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Calling the setTimeout function will return an integer ID so that clearTimeout can be called with that ID.

What happens if setTimeout gets called more times than there are positive integers in JavaScript? Is there a security issue?

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The browser will stop. Why you asked smt. like going to never happen thing? – totten Aug 25 '12 at 22:13
A blackhole will form and humanity will be turned into a nothingness. One hand will continue clapping, though. Oddest thing. – Jared Farrish Aug 25 '12 at 22:14
What are you doing that risks this happening? – Quentin Aug 25 '12 at 22:16
@Quentin: I'm trying to hack Chrome. – Randomblue Aug 25 '12 at 22:20
up vote 4 down vote accepted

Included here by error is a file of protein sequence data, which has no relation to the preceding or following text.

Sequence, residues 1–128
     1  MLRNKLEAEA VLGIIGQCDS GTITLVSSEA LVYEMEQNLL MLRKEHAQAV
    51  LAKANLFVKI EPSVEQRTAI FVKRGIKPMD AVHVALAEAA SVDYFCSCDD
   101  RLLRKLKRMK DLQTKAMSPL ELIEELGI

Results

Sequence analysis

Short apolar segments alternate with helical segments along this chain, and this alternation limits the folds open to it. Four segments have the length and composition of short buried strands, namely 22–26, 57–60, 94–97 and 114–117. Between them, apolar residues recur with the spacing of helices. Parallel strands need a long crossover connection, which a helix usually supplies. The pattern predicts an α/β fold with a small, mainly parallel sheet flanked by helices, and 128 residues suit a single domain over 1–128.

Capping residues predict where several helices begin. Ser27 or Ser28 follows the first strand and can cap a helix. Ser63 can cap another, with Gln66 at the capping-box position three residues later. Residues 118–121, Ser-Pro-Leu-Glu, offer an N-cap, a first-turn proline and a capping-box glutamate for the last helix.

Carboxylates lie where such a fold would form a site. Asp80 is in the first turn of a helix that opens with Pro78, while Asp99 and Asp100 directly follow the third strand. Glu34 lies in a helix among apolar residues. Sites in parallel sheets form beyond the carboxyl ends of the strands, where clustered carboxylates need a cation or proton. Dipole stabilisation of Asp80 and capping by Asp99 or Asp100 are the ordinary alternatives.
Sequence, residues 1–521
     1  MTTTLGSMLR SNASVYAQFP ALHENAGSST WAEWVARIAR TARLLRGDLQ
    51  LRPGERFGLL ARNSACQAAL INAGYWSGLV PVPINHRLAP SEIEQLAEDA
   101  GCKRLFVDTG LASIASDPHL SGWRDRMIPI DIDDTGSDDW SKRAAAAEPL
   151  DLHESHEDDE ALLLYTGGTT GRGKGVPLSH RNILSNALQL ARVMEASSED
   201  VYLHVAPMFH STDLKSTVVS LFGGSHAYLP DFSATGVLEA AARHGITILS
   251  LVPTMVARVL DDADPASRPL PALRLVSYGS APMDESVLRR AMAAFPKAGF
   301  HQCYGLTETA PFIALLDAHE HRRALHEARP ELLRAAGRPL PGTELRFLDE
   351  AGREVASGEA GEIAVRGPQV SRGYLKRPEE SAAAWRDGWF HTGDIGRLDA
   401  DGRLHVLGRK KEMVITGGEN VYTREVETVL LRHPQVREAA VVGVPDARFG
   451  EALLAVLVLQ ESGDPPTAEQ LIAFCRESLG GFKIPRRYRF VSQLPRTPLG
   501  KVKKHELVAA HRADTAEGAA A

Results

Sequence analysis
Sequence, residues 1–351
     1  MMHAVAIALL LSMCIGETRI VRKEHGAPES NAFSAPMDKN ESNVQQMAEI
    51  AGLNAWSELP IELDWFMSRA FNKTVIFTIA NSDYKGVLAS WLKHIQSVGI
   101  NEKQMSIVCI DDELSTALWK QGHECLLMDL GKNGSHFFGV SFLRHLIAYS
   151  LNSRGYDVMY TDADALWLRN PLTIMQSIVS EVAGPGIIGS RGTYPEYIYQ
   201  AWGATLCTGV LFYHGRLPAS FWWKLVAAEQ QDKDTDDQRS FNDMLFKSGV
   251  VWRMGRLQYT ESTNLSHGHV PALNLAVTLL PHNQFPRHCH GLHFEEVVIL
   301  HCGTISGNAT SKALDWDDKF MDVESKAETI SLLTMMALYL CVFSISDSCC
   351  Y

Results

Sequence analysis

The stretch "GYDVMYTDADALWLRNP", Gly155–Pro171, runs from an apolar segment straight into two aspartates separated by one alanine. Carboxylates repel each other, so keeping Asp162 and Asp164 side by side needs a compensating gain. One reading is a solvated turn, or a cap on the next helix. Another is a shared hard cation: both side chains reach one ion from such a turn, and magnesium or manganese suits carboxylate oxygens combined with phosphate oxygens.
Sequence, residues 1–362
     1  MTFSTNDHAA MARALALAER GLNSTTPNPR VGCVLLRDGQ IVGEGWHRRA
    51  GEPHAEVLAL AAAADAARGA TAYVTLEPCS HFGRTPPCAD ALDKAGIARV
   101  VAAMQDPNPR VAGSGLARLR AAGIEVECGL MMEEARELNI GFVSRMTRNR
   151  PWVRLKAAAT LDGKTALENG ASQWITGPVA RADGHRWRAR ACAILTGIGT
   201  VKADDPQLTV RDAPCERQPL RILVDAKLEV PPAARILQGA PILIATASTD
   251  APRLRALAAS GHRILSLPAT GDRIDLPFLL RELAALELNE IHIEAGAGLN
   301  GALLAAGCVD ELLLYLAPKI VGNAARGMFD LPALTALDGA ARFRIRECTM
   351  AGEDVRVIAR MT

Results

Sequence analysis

Found the relevant code in Chrome:

static int timeoutId()
    static int lastUsedTimeoutId = 0;
    // Avoid wraparound going negative on us.
    if (lastUsedTimeoutId <= 0)
        lastUsedTimeoutId = 1;
    return lastUsedTimeoutId;

Thus, Last ID will be just 1 after no positive integers remaining.

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You'll run out of memory (or some other resource) long before that happens. Javascript numbers are 64 bit floats, which can accurately represent integers up to 2^52, which means it takes 32 petabytes of memory to even hold that many IDs, let alone accompanying objects or tasks.

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On my 32 bit windows 7 system with Chrome 21, the tab with the page crashed after about 4295063. But it was only the tab. I closed that tab and everything else was working normally.

Opera 12 the script runs slower and slower.

Firefox complains about that the script is taking to much time.

You can test for yourself:

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